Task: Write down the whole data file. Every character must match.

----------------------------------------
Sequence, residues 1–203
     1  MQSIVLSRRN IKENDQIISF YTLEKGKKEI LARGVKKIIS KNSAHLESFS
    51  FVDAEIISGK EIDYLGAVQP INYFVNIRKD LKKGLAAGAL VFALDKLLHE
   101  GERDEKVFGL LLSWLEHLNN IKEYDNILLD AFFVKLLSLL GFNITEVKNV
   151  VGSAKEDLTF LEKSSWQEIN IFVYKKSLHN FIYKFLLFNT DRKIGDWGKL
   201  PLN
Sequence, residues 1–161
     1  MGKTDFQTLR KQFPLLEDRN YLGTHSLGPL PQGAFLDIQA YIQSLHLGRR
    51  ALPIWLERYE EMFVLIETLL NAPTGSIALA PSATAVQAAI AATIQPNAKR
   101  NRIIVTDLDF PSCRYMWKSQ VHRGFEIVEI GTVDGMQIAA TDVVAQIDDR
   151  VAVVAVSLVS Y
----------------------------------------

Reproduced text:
Sequence, residues 1–203
     1  MQSIVLSRRN IKENDQIISF YTLEKGKKEI LARGVKKIIS KNSAHLESFS
    51  FVDAEIISGK EIDYLGAVQP INYFVNIRKD LKKGLAAGAL VFALDKLLHE
   101  GERDEKVFGL LLSWLEHLNN IKEYDNILLD AFFVKLLSLL GFNITEVKNV
   151  VGSAKEDLTF LEKSSWQEIN IFVYKKSLHN FIYKFLLFNT DRKIGDWGKL
   201  PLN
Sequence, residues 1–161
     1  MGKTDFQTLR KQFPLLEDRN YLGTHSLGPL PQGAFLDIQA YIQSLHLGRR
    51  ALPIWLERYE EMFVLIETLL NAPTGSIALA PSATAVQAAI AATIQPNAKR
   101  NRIIVTDLDF PSCRYMWKSQ VHRGFEIVEI GTVDGMQIAA TDVVAQIDDR
   151  VAVVAVSLVS Y